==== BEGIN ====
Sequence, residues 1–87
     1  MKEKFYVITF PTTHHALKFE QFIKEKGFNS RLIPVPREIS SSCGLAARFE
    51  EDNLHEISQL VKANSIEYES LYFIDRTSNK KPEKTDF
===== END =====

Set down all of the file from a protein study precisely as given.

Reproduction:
Sequence, residues 1–87
     1  MKEKFYVITF PTTHHALKFE QFIKEKGFNS RLIPVPREIS SSCGLAARFE
    51  EDNLHEISQL VKANSIEYES LYFIDRTSNK KPEKTDF